There has not been a lot of research done on fertility inhibiting herbs, especially in this country. But there has been some in other countries. In Chinese laboratory tests, the seeds have been shown to block progesterone synthesis in pregnant animals. Which deprives the uterine tissues of the progesterone needed to make a nutritive bed for the fertilized egg. This gives scientific credence to the actions our ancestors. Robin Bennet conducted an experiment, in which 12 women from New York City used 1 teaspoon of QAL seeds chewed well for 12 months for contraceptive purposes. "During the study there were three women apparently conceived; one confirmed her pregnancy with a laboratory test and terminated it clinically. She had been using the carrot seeds daily until the month she conceived when she used them on only three of the recommended 7-8 days around ovulation. The others felt pregnant but did not confirm their suspicions. The both used herbal emmenagogues and menstruated. One of the two women used seeds for 7-8 days around ovulation. The other women used them daily. None of the other women in the study became pregnant, and half were using QAL as their only method of birth control."
Based on the results her conclusion was the seeds were a very good method of contraception for those women who were willing to pay close attention to their cycles. The majority of women in the study reported no side effects. A few women have noticed an occasional side effect of slight constipation, from the seeds being a bit too drying in the colon, which can be remedied by increased water consumption.
It is possible that you experience a very annoying side effect of inflammation
and irritation of the inner and outer lips of the vagina. Accompanied with
a very painful itch, which at first looks like a yeast infection, but it
is not. It may begin two days after taking a tsp of seeds a day and disappears
two days after you stop taking them. Based on this experience it may take
two days for the herb to circulate through the body.
Women with a history of kidney or gallstones should consult with an herbalist
before using Queen Anne's Lace seeds. QAL contains estrogen and can cause
estrogen-like side effects, and may encourage the growth of estrogen dependent
tumors. Estrogenic herbs should be avoided by anyone taking birth control
pills, other estrogen medications, or blood pressure medications.
Modern wise women recommend one tsp of Queen Anne's Lace seeds chewed daily
during ovulation and continued for up to one week. This dosage has worked
effectively for women of average height and build. If you are above average
height and/or build you might find the seeds more effective if you slightly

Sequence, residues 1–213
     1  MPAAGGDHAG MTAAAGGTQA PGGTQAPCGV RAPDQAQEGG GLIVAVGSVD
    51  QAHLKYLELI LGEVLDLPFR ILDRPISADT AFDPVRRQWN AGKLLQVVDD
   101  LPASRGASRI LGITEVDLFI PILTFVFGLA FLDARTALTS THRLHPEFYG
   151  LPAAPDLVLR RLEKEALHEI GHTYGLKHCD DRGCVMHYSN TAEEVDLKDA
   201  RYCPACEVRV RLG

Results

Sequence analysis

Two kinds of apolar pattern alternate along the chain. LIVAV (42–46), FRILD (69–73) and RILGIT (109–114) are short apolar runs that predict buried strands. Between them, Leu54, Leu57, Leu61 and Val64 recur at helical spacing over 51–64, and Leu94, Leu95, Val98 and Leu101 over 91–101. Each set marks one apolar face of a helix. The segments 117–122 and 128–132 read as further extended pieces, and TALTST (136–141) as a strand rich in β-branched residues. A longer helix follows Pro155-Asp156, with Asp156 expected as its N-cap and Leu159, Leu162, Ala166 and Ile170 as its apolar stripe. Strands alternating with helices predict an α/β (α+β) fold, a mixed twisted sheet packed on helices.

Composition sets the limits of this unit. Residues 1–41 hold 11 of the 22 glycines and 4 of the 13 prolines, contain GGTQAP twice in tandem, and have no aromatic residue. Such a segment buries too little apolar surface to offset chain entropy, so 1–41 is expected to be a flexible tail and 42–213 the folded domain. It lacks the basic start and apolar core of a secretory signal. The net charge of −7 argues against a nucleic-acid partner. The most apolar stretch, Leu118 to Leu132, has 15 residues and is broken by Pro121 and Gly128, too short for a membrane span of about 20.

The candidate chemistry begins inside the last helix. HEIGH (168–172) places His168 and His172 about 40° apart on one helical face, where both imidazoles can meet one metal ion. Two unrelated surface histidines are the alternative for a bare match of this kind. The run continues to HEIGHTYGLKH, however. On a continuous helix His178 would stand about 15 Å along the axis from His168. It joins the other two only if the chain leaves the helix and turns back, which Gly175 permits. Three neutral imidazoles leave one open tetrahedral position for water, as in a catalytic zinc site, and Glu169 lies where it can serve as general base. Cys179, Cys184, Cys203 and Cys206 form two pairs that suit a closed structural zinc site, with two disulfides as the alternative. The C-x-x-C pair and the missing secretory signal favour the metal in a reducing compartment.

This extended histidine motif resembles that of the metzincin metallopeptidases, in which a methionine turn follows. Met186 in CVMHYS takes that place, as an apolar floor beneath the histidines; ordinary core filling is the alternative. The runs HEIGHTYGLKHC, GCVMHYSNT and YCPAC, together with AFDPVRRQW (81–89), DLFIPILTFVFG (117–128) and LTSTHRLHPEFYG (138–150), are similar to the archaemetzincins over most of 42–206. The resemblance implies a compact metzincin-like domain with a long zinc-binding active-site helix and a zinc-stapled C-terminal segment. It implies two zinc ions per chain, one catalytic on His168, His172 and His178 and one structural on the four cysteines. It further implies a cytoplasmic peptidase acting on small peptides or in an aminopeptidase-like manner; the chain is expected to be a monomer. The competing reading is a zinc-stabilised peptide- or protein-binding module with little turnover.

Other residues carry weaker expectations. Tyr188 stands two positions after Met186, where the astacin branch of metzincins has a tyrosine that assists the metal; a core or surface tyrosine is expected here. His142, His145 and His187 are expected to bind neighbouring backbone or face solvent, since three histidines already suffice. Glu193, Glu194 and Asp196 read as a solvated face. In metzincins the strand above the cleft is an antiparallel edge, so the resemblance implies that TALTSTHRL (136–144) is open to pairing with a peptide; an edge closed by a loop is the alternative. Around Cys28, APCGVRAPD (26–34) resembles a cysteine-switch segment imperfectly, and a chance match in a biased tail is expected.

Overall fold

raise the dosage. Consult with your herbalist.
If you try this you do so at your own risk. The seeds, collected from the flower head in fall are thoroughly chewed, swallowed and washed down with water or juice. The taste is heavy and oily, not very pleasant, but doesn't taste terrible. It is the volatile oils contained with in the seed that prevent implantation. Chewing them releases the oils. If you simply swallow them they will pass right through your system, with out releasing their oils and not be effective. One teaspoon is taken per day. The most important time to take them is just before ovulation, during ovulation and for a week following. In Ms Bennet's study, women took the seeds orally and chose from three different time frames, depending on which fits their situation. Some took them every day through out the cycle (though this might not be good on a long term basis, but should be ok for the first few months).
While others, who might have unprotected sex infrequently might take them only after intercourse and for the following week. Then those who are sexually active and familiar enough with their cycles to know when they are fertile, might take them before, during and after the fertile time, which would mean taking them for 10 to 14 days in the middle of the cycle around the time of ovulation. It is very important to use a back up method of contraception particularly during the first two months of using the QAL. It takes time for the body to adjust, as well as for you to develop confidence in such an unconventional method.
Read and interesting article and by Robin Rose Bennett "Wild Carrot (Daucus carota): A Plant for Conscious, Natural Contraception" which reveals the final case study here - open in new window.